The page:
Chinese Nationalist Party (KMT) caucus whip Lin Wei-chou (林為洲) on Wednesday called for the ruling Democratic Progressive Party (DPP) to begin work toward the abolition of the Control Yuan and the Examination Yuan.
There has been much controversy surrounding the Control Yuan in the past few weeks, as President Tsai Ing-wen’s (蔡英文) candidates for posts have either declined their nominations or were criticized by the KMT.
The controversy highlights one of the main problems of the Control Yuan: It is an investigatory agency that monitors the government, but its members are nominated by the head of the government.
Due to this structure, it was debilitated from 2005 to 2008, when the KMT — which then held a majority in the Legislative Yuan — refused to ratify candidates chosen by then-president Chen Shui-bian (陳水扁).
Presidents from the pan-blue camp tend to nominate pan-blue candidates to head the Control Yuan, and pan-green presidents tend to nominate pan-green candidates, which arguably erodes the efficacy of the government branch.
Even when Tsai nominated KMT member and former Taitung County commissioner Justin Huang (黃健庭) as a Control Yuan member on Saturday last week, the KMT criticized the move.
It also criticized the nomination of DPP member and former Presidential Office secretary-general Chen Chu (陳菊) as Control Yuan president, although the DPP suggested Chen for the chair of the Control Yuan’s National Human Rights Commission, given her experience as a political prisoner after the Kaohsiung Incident.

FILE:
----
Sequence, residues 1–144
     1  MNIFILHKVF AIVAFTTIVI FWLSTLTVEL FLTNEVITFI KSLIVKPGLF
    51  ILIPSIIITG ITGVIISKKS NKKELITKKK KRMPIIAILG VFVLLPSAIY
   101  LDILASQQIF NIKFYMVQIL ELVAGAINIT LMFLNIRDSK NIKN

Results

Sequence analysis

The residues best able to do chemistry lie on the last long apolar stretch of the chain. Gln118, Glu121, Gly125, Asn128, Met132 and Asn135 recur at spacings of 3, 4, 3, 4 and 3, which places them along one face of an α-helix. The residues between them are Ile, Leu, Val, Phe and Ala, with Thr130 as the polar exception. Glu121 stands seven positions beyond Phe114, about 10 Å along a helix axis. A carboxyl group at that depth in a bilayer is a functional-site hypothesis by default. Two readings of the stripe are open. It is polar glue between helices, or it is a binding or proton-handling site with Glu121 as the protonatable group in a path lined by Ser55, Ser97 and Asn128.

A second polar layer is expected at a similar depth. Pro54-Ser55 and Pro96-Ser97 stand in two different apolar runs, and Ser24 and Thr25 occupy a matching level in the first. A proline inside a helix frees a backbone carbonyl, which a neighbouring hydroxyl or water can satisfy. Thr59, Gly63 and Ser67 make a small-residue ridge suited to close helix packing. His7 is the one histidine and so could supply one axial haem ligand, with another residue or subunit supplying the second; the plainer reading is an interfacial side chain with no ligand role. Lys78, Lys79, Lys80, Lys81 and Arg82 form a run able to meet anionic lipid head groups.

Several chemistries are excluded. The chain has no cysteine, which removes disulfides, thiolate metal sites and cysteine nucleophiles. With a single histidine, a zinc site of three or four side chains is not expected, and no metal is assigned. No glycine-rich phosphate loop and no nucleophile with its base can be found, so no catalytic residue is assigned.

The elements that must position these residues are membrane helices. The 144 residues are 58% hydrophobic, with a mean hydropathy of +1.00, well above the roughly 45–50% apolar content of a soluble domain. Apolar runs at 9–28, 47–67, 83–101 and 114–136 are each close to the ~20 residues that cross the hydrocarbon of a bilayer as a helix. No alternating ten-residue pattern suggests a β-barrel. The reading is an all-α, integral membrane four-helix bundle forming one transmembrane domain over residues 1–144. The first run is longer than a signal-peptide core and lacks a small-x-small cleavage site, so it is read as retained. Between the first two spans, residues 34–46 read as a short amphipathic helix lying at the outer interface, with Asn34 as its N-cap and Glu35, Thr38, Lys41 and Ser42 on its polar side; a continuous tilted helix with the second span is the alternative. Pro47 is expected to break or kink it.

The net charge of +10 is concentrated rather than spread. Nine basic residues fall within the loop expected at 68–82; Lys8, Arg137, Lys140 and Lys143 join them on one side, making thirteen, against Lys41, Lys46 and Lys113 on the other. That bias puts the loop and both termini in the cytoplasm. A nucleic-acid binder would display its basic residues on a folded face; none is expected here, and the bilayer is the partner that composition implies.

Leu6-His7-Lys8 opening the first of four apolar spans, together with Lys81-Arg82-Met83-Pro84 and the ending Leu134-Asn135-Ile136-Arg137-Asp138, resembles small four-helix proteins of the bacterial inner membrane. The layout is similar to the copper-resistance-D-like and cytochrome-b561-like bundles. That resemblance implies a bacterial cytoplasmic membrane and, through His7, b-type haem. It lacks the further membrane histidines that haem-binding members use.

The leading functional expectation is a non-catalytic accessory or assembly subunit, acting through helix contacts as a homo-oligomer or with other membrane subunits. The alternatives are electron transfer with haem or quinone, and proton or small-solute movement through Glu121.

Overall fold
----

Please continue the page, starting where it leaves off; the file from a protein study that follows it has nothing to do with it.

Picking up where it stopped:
Another problem is the branch’s potential for disrupting the balance between the three core branches of government, judicial, legislative and executive.
In an editorial, law student Huang Yu-zhe (黃于哲) wrote that as the Control Yuan in practice functions as part of the legislature, and as members can impeach judges, the branch could disrupt judicial independence (“Control Yuan must respect judges,” Dec. 28, 2019, page 8).
Although the Control Yuan can be a corrective force within the government, as seen in the impeachment of officials found guilty of corruption, some of its functions overlap with those of other institutions, and it must be decoupled from the government that it monitors so that it can best serve its purpose.
In the US, the comptroller general of the Government Accountability Office is chosen by the US president from three candidates brought forward by an eight-member bipartisan and bicameral commission of congressional leaders. This adds an extra layer to the selection process. Taiwan could go further and have candidates chosen by a committee whose members have no political affiliation.
The Control Yuan should be reformed.
First, it should not be a yuan-level agency, but instead should be an independent committee akin to the Ill-gotten Party Assets Settlement Committee.
Second, the scope of its responsibilities should be reduced. For example, there is no need for the Control Yuan to investigate human rights cases when there are already several bodies for this purpose, such as the Taiwan Association for Human Rights.
It also does not need sub-committees such as those for domestic and ethnic affairs, foreign and overseas Chinese affairs, national defense and intelligence affairs, finance and economic affairs, among others, which either have no place in a modern context or whose functions are served elsewhere.
There is also no need at all for an Examination Yuan, given that the Control Yuan — in its current form or in a yet-to-be-determined form — already supervises civil service exams.
There should be an agency that investigates corruption, but it needs to be smaller in scope and decoupled from the government.
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